to aid those impacted by tornadoes in the

southeastern United States.


An ADM Cares project in India helped nearly 240 smallholder

farmers, 15 percent of whom were women, gain experience in

water management and microirrigation to improve crop yields.


ADM was named a “Best Diversity Company”

in the Food and Beverage Production category

by Diversity/Careers in Engineering & Information

Technology magazine based on the company’s

support of minorities and women, attention to

work-life balance and commitment to supplier


Working with business units and large customers,

ADM developed more stringent certification

standards that vendors must meet to qualify as

diversity suppliers. Based on this new criteria,

ADM reported US$287 million of certified

spend with diversity suppliers during the fiscal

year. We’ve also increased efforts to augment our

supplier base with grain producers and providers

from diverse backgrounds.


The company provided $1.3 million to support

schools and educational initiatives in Macon

County and throughout central Illinois, home to

the company’s global headquarters.

ADM continued its support of Living Lands

& Waters, a nonprofit organization that

promotes the health and vitality of the nation’s

inland waterways, with donations totaling

$450,000. And, we contributed $100,000 to

Agriculture Future of America, a nonprofit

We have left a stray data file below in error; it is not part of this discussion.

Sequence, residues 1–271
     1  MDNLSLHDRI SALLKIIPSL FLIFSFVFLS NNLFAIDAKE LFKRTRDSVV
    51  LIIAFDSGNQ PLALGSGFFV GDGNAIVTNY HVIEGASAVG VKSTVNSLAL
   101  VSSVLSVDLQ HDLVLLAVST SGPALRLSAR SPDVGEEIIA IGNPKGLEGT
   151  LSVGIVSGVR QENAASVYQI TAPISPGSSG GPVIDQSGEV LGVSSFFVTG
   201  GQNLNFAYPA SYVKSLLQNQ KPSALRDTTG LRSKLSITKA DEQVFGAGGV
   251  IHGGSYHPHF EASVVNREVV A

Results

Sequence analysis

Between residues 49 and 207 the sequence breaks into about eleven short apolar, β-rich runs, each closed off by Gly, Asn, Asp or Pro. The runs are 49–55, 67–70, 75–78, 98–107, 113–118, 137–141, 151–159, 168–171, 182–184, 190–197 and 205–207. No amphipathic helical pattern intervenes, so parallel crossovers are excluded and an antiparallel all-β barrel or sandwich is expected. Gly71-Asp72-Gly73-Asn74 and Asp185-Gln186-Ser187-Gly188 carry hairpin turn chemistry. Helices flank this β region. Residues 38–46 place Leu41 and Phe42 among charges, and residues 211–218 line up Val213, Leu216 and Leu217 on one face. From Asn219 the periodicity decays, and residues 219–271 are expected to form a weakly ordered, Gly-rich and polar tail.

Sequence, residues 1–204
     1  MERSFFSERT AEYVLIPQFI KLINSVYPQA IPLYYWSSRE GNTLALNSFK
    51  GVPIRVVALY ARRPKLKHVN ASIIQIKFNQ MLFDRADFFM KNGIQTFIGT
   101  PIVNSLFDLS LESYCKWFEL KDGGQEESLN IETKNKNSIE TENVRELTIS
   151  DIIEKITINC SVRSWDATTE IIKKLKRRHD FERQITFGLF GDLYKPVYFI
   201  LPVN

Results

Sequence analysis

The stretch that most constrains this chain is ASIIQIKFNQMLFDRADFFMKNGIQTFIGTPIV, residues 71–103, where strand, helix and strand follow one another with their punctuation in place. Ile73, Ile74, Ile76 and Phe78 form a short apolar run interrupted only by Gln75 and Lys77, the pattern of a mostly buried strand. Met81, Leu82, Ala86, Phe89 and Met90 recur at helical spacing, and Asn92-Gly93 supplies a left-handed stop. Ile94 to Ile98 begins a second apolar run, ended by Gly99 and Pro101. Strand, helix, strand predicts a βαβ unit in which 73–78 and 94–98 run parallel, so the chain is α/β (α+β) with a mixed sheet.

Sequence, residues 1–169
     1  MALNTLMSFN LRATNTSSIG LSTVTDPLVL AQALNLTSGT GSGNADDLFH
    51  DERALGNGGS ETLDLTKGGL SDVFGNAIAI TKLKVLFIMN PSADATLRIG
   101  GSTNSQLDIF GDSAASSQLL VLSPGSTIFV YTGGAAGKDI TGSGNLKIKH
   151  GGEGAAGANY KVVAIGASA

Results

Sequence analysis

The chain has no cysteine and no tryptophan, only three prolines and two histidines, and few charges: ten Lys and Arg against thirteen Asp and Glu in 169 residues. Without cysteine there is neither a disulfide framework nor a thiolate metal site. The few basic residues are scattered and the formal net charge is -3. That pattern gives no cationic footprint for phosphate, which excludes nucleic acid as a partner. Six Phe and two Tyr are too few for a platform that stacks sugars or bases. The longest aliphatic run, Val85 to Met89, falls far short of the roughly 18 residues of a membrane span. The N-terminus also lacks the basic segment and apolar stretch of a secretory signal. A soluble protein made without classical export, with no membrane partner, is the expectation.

organization that offers leadership training,

career development assistance and academic

scholarships to college students pursuing

careers in agriculture-related fields.

“We needed a true investment

program — one that would

help advance sustainable

agriculture and deliver social

and economic benefits to our

operating communities in ways

that connect directly to our

business goals and objectives.

That’s why ADM Cares

originated the way it did.”

– Jennifer Ballinger, manager, ADM Cares

The Doing It Right program funded by ADM Cares is helping

soybean growers in Brazil increase their yields sustainably.

Under this partnership with Aliança da Terra, a Brazilian

sustainable farming group, more than 380,000 hectares of

ADM suppliers’ farmland have been mapped and assessed.



Toward zero incidents,

zero injuries

ADM continued to make improvements in safety,

reducing our total recordable incident rate

by 17 percent and our lost workday injury rate

by 7 percent from fiscal year 2010 levels.

The number of colleague observations completed

under the Values Based Safety® program we

implemented beginning in 2009 reached 275,000.

VBS trains employees and contractors to observe

and provide constructive feedback on their

colleagues’ safety behaviors.

Under new Total Process Safety guidelines, ADM’s

on-time testing of critical equipment rose from

85 percent to 94 percent. TPS practices help

ensure that production equipment and controls

are designed, installed, operated, inspected, tested

and maintained in order to reduce process incidents.

ADM Global Incident Rates







.541 .468

.372 .330

FY 07

FY 08 FY 09 FY 10 FY 11

Total Recordable Incident Rate (TRIR)

Lost Workday Incident Rate (LWIR)


Every day, the 30,000 people of Archer Daniels

Midland Company (NYSE: ADM) turn crops into

renewable products that meet the demands of a

growing world. At more than 265 processing plants,

we convert corn, oilseeds, wheat and cocoa into

products for food, animal feed, chemical and energy

uses. We operate the world’s premier crop origination

and transportation network, connecting crops and

markets in more than 75 countries. Our global

headquarters is in Decatur, Illinois, and our net sales

for the fiscal year ended June 30, 2011, were $81

billion. For more information about our company

and our products, visit www.adm.com.

Archer Daniels Midland Company

4666 Faries Parkway

P.O. Box 1470

Decatur, IL 62525